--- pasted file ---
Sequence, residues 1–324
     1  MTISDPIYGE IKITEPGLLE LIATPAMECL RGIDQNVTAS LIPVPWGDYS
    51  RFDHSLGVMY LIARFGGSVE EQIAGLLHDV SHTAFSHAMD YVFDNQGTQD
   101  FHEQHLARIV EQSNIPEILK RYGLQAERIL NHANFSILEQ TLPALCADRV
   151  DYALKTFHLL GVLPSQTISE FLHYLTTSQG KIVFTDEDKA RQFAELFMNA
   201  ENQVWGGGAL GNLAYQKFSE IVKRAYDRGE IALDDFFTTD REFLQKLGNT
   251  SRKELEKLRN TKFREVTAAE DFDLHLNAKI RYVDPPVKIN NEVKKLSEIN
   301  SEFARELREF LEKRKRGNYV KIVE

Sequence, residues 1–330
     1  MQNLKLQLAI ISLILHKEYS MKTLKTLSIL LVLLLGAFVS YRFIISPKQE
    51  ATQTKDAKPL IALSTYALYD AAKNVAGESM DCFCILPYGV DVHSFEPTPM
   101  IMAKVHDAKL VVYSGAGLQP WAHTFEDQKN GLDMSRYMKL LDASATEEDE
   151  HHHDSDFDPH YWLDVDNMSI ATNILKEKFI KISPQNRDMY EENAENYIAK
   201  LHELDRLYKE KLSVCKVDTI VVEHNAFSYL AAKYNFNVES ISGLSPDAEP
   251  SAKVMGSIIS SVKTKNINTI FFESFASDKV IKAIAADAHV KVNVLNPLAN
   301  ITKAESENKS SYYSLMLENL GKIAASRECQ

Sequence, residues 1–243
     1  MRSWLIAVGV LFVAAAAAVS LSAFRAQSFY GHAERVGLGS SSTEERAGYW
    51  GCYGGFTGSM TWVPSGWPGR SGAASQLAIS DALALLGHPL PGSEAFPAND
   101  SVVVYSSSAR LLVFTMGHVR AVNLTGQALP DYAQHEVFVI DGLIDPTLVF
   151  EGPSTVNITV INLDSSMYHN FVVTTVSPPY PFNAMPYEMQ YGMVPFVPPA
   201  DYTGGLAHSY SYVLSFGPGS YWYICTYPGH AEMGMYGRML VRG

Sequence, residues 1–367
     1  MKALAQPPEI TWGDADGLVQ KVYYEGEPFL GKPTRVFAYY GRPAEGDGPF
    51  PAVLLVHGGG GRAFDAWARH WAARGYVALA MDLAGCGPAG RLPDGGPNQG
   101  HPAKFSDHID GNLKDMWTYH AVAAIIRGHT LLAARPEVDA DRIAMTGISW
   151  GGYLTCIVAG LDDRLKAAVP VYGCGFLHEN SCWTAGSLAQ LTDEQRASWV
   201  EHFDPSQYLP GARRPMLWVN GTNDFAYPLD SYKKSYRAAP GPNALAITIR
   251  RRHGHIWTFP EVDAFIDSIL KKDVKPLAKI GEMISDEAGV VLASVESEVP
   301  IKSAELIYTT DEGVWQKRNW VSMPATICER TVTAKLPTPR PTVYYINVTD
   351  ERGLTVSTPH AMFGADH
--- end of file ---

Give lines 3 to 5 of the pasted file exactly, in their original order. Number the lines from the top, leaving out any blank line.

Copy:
    51  RFDHSLGVMY LIARFGGSVE EQIAGLLHDV SHTAFSHAMD YVFDNQGTQD
   101  FHEQHLARIV EQSNIPEILK RYGLQAERIL NHANFSILEQ TLPALCADRV
   151  DYALKTFHLL GVLPSQTISE FLHYLTTSQG KIVFTDEDKA RQFAELFMNA